The Right Environment: Kevin Van Den Wymelenberg on Increasing Demands for Lighting Controls in 2019 and Beyond
The architect and academic looks forward to further innovation in lighting design and manufacturing thanks to bigger and bolder thinking in the space
Metropolis magazine, in partnership with Lutron, presents The Right Environment: a series of profiles featuring experts who are helping to make buildings better for occupants. For the third installment of the series, Metropolis caught up with Kevin Van Den Wymelenberg, who shared his insights on the increasing demands for flexibility and control in lighting to help create The Right Environment.
“It’s an exciting time to be working with light in the built environment,” said Kevin Van Den Wymelenberg. “Not since the days of Florence Nightingale has there been so much thought put into how light impacts our health, our productivity and our comfort. New design thinking is remaking the scientific agenda, and vice-versa.”
Van Den Wymelenberg is well placed to make such an assessment. As an architect and academic, he has provided daylighting consultation on as many as 300 built and renovated projects since the year 2000. He is currently the Director of Energy Studies in the Buildings Laboratory at the University of Oregon, where he is also a professor of architecture and helps lead the institution’s Biology & The Built Environment Center.
The key to understanding how our lighting demands are evolving, Van Den Wymelenberg observes, is to appreciate our ever-increasing demand for flexibility and control.
“We do a lot of human factors research, and one of the most common findings is that regardless of where people are, and the specific lighting conditions they experience, the ability to control their environment is absolutely essential,” he said.
“However, there is vast variability between the needs of different people and finding a one-size-fits-all solution is very difficult. So, the right environment for people is one that can be intuitively tailored to their needs in any given moment.”
This trend has transformed the way clients commission architects and designers. In the past, clients might have demanded a lighting system that was energy-efficient or could boost mood and productivity. But now there are other, more human-centric factors in play.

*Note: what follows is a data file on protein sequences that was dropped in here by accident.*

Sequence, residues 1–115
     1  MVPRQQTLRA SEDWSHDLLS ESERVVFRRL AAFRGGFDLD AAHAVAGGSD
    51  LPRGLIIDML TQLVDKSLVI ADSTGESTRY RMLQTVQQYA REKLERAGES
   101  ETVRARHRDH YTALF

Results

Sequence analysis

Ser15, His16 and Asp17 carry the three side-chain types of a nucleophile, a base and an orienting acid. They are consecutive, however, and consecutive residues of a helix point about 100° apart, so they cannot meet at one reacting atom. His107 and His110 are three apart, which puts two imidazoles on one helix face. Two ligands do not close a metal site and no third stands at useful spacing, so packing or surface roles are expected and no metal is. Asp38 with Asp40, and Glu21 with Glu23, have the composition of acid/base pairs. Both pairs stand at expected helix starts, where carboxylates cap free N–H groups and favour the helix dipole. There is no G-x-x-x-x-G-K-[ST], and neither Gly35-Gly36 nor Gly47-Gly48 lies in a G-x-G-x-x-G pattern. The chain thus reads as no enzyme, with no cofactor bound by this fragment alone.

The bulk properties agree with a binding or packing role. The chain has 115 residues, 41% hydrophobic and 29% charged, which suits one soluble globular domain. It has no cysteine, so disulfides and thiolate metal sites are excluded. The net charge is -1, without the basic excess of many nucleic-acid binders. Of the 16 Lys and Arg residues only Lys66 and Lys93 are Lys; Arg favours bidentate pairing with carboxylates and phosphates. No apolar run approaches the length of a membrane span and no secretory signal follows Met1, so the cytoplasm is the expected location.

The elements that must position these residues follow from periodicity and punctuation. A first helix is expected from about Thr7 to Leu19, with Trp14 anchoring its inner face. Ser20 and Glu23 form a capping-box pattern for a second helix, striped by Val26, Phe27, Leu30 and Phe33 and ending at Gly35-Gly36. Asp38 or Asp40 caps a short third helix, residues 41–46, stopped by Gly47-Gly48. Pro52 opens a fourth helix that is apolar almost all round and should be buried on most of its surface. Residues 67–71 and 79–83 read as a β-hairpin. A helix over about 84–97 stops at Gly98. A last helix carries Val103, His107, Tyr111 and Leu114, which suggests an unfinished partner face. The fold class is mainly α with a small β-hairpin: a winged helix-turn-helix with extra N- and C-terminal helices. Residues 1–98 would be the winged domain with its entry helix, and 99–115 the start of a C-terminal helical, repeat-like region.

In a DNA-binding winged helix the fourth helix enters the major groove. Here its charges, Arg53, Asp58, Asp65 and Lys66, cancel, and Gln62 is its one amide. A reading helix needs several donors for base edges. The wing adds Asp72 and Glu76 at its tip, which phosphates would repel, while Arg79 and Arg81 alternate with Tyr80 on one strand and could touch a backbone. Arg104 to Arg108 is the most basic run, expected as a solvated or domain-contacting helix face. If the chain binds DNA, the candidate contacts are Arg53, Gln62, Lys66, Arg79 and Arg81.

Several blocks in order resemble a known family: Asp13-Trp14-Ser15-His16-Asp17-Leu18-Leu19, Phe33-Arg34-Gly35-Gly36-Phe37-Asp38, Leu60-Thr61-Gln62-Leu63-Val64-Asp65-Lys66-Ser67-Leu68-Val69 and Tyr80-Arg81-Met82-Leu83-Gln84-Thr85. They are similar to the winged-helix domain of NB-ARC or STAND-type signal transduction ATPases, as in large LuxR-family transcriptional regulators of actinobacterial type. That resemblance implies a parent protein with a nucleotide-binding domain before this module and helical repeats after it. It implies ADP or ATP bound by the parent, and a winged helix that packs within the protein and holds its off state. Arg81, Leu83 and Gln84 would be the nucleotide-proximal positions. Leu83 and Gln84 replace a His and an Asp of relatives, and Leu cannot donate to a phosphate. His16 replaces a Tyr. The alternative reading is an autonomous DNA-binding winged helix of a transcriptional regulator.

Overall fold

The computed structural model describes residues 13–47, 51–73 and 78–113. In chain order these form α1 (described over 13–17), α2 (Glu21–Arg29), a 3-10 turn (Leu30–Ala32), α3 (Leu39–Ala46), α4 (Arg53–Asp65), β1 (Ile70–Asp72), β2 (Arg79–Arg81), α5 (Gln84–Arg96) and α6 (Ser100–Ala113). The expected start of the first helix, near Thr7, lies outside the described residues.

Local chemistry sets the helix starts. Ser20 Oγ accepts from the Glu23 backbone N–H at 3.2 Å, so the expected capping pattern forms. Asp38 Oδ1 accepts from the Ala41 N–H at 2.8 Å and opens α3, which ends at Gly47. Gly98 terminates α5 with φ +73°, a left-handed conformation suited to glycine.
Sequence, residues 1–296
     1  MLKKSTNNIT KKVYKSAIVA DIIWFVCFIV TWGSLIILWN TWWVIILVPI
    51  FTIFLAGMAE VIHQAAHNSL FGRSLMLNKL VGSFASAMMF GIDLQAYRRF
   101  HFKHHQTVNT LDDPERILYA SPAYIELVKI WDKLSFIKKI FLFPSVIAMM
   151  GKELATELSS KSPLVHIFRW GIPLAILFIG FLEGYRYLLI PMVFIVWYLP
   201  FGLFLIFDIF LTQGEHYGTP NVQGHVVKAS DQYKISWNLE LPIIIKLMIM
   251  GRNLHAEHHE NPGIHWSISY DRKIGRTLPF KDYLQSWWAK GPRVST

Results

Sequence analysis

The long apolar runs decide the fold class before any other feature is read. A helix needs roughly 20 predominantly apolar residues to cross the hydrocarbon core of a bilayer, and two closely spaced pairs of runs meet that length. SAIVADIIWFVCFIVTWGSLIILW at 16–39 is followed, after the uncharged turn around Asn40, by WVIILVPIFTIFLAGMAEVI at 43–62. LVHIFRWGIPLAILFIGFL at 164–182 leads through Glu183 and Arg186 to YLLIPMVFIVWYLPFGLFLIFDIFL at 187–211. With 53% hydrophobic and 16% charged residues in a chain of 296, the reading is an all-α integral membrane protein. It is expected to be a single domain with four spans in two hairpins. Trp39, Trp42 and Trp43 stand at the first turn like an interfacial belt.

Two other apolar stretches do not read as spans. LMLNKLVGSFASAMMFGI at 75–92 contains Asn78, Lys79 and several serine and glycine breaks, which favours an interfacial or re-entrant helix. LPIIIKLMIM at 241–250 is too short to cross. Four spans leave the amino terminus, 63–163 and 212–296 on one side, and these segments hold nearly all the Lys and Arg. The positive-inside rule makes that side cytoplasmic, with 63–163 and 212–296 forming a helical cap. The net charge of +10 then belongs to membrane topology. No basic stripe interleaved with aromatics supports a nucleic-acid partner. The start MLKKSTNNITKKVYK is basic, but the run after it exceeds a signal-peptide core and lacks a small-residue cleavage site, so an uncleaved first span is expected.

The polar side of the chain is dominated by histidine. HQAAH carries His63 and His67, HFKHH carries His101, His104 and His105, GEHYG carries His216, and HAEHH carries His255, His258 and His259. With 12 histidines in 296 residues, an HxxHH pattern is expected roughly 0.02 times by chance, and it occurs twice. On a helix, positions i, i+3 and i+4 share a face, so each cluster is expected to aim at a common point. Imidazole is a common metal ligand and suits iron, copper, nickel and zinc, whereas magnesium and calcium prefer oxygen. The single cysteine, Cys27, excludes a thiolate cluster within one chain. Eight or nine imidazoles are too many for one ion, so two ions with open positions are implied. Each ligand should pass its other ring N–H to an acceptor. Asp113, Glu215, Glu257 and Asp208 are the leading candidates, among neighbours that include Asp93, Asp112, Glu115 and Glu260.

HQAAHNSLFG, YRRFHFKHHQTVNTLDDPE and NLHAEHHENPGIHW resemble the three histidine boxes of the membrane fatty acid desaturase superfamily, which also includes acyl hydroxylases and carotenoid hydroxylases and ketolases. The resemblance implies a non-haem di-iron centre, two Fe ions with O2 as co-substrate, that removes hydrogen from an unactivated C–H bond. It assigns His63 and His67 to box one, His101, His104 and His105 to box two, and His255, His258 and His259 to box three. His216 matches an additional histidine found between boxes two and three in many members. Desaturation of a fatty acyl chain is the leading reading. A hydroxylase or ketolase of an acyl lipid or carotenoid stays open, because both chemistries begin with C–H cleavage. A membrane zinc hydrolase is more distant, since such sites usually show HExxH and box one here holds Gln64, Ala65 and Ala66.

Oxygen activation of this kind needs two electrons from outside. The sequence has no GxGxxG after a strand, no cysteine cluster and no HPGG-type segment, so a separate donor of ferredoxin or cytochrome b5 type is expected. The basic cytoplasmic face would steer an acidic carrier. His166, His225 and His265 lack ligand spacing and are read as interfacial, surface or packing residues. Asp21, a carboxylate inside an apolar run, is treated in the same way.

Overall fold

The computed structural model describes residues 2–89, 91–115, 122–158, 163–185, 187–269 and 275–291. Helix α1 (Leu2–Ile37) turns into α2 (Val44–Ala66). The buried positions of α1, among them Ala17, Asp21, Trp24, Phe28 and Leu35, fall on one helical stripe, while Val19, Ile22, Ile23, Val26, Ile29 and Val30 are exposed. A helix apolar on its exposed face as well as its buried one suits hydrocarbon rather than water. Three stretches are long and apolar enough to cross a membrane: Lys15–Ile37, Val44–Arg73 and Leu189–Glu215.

Big companies are an important example, Van Den Wymelenberg says. “There are many businesses now that are significantly investing in their staff,” he said. “They want to create office environments that will attract employees, sustain employees and retain employees. They demand offices where the comfort and wellbeing of users is paramount.
“Daylighting and lighting play essential roles in achieving these goals. They can improve air quality, thermal comfort and circadian exposure, for example. The comfort and wellness equation is now just as important, if not more so, than the energy equation. The human experience is a vital consideration.”
Van Den Wymelenberg and the Buildings Laboratory have been working with architects, designers and lighting companies such as Lutron to develop research in this area. The result is advances in smart lighting technologies that enable users to have more control over the quality of light in their surroundings. Van Den Wymelenberg has published several studies in journals like Building and Environment and LEUKOS, on subjects such as the adoption of daylight performance metrics, predicting human visual comfort in offices with daylight and the energy and daylighting impacts of human behavior with window shades versus blinds. He recently worked on a study that looked at the visual effects of wood on thermal perception of interior environments and associated energy.
“I’m very excited by the engagement shown in the industry,” he said. “There’s long been scientific rigor in the construction industry to identify how we can be doing a better job. What we’ve done is flip that around, so designers and suppliers are also helping push the science in exciting new directions.”
“There’s so much promise with smart technology, but a smart building is not just a building loaded with technology, a smart building is smart about how it applies the technology. I think the best applications will be hybrid, with human-centric lighting and the Internet of Things being used in combination with other technologies and daylighting to create spaces that can adjust throughout the day and meet changing needs, be they offices, homes, schools, or hospitals.”
An example would be a single software and management system like Lutron’s Enterprise Vue, which provides comprehensive, actionable data that is easy to view and understand. It allows you to manage rooms and spaces more efficiently, control and monitor lighting from a graphical floor plan, and make more informed decisions on scheduling building operations.
It all adds up to an exciting future. “As an industry, there’s still a lot for us to learn,” said Van Den Wymelenberg, “but we’re heading in a very interesting direction.”